You are currently browsing the tag archive for the ‘celebrity’ tag.

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Do you remember when “Thriller” came out?  It was electrifying. A gifted young man who can dance and sing extremely well transforms into a nightmarish predatory monster before our eyes.

Alas, that turns out to have been the actual life story of Michael Jackson, who has been back in the news a decade after his death, because an HBO documentary “Leaving Neverland” has circled around to shine an unsavory light on the entertainer’s  misdeeds.  People are honestly shocked by the horrifying abuse described by Jackson’s now grown-up victims.  This in turn is shocking, because we pretty much knew all of this back in the early nineties…and then society just sort of shrugged and moved on.  It turns out Jackson was simply rich enough and beloved enough (then) to groom and rape children at his weird palace.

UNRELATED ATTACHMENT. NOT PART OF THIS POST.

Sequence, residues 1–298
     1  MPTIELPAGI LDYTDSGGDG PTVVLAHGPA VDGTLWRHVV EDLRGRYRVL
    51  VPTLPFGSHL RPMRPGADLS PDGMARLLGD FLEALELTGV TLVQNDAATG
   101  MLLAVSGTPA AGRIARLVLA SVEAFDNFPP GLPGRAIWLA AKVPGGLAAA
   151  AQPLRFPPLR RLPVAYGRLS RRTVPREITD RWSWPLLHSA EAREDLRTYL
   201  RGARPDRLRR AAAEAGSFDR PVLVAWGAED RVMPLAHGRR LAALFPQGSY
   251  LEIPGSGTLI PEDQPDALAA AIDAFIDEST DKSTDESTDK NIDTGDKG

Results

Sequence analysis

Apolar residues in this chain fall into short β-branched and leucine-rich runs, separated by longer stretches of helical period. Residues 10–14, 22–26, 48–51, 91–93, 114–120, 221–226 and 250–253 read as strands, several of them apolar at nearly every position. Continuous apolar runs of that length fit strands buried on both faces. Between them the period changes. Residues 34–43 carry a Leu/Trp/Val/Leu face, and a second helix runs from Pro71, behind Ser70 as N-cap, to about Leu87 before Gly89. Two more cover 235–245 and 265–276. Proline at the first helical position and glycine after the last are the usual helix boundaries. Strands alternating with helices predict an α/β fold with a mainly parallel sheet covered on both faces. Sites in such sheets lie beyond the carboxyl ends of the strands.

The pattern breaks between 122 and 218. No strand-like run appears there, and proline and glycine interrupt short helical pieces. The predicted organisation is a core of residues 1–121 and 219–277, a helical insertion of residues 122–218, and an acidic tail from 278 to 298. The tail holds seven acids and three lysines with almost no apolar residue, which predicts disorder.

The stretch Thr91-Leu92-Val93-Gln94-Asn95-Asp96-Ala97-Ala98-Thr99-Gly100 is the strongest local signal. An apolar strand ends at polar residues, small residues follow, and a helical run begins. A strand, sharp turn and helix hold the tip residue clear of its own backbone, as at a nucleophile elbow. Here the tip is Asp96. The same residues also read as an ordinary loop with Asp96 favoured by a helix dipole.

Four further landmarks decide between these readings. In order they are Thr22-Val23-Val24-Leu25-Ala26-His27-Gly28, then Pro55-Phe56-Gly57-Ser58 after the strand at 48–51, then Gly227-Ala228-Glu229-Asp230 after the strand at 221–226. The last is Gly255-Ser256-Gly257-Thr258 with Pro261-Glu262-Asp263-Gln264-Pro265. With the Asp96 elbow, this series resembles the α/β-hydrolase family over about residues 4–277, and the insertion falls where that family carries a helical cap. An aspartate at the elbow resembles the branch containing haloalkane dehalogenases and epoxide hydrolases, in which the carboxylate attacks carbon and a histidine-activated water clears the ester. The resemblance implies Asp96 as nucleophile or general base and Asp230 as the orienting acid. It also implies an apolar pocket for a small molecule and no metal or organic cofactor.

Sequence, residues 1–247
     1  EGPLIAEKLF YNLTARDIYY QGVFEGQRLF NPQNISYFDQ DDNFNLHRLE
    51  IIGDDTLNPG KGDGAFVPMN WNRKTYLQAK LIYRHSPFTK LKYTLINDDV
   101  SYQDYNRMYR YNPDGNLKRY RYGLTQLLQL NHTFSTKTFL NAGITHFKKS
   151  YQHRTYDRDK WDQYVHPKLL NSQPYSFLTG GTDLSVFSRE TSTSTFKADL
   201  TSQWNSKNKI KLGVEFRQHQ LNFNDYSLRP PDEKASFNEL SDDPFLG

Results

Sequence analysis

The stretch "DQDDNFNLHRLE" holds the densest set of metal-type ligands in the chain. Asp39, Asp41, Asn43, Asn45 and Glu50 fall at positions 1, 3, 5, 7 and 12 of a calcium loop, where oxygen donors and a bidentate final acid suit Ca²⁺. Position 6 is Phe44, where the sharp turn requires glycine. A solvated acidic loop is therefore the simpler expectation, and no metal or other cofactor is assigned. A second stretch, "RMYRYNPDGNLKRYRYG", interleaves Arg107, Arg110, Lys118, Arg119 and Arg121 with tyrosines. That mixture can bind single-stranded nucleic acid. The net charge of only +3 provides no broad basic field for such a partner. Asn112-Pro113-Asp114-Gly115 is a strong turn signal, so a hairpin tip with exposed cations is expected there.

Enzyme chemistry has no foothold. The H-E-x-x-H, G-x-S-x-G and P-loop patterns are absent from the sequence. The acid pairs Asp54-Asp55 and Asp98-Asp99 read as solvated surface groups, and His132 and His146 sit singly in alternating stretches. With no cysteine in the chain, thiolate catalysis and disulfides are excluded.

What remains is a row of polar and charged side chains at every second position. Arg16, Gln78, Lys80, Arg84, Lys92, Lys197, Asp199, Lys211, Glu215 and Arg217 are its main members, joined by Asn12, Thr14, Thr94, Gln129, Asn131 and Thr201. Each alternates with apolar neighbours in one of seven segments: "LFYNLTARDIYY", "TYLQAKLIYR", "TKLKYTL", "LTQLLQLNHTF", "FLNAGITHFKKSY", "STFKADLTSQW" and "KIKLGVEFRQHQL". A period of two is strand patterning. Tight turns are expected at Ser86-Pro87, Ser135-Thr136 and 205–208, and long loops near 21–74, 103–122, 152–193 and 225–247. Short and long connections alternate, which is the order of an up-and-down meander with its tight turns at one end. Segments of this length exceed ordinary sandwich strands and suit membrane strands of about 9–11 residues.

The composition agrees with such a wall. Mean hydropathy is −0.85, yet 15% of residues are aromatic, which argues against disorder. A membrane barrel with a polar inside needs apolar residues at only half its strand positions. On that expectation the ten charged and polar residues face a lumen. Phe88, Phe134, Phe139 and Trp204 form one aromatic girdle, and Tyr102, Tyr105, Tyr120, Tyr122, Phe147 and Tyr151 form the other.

What happened?  How did the authorities and everyone else mess up so badly?

Obviously, the main problem was Michael Jackson himself, who may have had his own demons, but actively chose to commit these horrible crimes.  The remaining blame is nugatory in the face of this prime culpability, but, until there are no more molesters,we must look to society to stop them.

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There is plenty of blame to be portioned onto the police and courts who must surely have been able to see what was going on but were unable to bring Jackson down. Likewise we can blame all of Jackson’s enablers who were making money off of him.  We can blame the families of the victims who were clearly benefiting in ways which made them close their eyes.